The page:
The group hit a low point in 2002 when its fifth record, A New Morning, failed to crack the U.K. chart's top 20 and Suede went on to split a year later (03).
Anderson now insists the record should never have been allowed to hit stores, and hopes their soon-to-be-released new album, Bloodsports, will help mend the damage, telling Uncut magazine, "There was a huge amount (at stake with Bloodsports). What was at stake was rescuing the reputation of Suede, really. We probably shouldn't have released that last album (A New Morning); we did the thing we'd always said we'd avoid - releasing a record just to go on tour. It wasn't released with the joy and passion with which records should be released..."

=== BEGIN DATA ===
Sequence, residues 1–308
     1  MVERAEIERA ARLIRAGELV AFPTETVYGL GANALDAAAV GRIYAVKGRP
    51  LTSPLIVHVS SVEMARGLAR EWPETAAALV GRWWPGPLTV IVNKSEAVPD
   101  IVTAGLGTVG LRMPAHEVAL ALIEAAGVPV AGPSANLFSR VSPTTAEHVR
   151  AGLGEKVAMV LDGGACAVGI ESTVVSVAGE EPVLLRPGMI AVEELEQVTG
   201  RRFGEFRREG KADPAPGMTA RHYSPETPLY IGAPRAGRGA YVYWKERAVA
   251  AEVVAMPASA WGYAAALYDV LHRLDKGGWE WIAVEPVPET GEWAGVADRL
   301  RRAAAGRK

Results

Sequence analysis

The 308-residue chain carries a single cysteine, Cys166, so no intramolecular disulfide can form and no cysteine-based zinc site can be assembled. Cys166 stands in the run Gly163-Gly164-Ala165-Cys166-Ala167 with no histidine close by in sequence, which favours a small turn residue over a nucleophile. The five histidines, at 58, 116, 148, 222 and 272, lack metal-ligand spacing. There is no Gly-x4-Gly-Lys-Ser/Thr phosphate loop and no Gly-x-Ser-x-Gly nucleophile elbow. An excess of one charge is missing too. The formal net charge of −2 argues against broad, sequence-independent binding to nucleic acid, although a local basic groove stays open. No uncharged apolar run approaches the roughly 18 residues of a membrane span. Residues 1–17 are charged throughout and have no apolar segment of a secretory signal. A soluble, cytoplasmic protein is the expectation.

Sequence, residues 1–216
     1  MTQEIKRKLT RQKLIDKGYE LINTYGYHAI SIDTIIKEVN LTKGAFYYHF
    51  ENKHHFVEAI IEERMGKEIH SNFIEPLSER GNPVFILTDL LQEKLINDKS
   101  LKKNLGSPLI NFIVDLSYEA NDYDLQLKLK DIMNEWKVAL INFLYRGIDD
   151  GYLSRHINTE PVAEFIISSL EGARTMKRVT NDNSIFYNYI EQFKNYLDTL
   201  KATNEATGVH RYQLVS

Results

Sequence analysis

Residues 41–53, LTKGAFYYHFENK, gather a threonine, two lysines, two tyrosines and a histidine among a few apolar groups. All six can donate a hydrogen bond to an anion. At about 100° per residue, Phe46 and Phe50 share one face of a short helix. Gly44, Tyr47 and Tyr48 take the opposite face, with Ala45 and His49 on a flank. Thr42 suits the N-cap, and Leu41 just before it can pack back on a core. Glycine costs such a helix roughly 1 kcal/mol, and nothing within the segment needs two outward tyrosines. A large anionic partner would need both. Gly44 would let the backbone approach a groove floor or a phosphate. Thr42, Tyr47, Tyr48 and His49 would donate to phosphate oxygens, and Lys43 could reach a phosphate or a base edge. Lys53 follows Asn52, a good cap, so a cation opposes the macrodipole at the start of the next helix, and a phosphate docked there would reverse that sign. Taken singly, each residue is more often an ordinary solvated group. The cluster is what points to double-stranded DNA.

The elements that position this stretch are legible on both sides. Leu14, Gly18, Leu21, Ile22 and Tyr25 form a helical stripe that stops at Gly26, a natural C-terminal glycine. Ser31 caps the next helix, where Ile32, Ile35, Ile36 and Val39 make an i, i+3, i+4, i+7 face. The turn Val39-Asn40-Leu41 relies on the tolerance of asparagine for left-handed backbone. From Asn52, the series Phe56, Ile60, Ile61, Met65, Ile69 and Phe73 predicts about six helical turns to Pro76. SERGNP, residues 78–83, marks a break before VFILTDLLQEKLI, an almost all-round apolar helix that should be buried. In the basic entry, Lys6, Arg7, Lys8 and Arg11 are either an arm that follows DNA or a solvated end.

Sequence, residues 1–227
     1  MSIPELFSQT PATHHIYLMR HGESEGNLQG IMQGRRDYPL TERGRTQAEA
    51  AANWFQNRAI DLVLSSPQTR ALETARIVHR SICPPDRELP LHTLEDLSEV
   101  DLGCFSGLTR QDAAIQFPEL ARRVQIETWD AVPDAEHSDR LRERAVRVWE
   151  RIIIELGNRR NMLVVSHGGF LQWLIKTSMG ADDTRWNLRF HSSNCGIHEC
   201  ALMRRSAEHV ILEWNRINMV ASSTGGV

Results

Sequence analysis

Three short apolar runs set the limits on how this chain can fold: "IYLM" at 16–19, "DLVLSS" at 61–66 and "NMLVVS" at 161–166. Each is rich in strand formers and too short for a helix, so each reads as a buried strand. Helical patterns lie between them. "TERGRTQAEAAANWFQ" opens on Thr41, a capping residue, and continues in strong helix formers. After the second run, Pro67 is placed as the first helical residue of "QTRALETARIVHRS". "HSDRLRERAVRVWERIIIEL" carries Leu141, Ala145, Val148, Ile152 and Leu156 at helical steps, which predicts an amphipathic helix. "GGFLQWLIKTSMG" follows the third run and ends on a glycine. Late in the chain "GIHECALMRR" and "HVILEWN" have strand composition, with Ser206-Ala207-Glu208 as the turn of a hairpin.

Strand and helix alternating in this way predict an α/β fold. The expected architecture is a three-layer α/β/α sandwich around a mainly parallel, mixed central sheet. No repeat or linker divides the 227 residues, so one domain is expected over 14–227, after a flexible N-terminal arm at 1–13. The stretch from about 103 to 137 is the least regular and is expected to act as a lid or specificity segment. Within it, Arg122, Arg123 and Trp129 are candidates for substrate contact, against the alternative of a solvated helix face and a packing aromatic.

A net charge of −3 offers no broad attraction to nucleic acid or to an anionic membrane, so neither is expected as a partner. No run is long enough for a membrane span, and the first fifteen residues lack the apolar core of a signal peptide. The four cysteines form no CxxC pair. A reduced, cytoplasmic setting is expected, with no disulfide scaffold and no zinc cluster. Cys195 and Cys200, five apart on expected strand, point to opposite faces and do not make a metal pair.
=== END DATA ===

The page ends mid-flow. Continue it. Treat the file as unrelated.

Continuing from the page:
He adds of Bloodsports, which is released in the U.K. in March (13), "I don't think there's any point in coming back and trying to reinvent the band. I wanted it to sound identifiably (sic) like a Suede record. But I didn't want it to sound like self-parody or pastiche."
Anderson evens concedes he nearly quit work on the record when the music wasn't meeting his standards: "About midway through the new record... it really wasn't coming together like I wanted it to. I did toy with the idea of saying, 'Let's not do this, and I'll carry on making solo records.' But that was to do with re-establishing the band chemistry."